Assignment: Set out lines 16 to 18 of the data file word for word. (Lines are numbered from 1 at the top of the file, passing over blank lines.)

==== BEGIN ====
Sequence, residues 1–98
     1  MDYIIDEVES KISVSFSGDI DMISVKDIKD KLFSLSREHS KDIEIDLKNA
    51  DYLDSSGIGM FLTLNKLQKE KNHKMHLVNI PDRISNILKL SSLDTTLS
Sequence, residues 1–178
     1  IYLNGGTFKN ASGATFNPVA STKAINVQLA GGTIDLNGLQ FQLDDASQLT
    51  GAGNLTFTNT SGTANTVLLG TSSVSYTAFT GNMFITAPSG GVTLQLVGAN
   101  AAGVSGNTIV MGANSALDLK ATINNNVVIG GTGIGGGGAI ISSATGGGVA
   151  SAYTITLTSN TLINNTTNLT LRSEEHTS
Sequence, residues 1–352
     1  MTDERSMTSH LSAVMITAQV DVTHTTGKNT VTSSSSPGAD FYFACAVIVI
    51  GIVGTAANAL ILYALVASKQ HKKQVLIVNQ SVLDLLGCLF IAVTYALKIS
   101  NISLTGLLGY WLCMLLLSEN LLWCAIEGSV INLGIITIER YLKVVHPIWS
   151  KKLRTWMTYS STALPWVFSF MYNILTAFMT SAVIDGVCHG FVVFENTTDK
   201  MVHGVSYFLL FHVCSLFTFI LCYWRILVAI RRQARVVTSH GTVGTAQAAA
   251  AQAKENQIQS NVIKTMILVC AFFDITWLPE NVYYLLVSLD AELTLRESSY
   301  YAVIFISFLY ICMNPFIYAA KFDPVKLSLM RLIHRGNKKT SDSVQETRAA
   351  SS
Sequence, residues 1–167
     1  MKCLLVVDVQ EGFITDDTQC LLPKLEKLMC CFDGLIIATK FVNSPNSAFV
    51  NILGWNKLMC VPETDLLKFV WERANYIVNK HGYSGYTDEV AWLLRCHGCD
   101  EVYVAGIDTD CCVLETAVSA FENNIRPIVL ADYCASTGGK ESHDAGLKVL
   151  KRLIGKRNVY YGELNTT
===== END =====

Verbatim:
   301  YAVIFISFLY ICMNPFIYAA KFDPVKLSLM RLIHRGNKKT SDSVQETRAA
   351  SS
Sequence, residues 1–167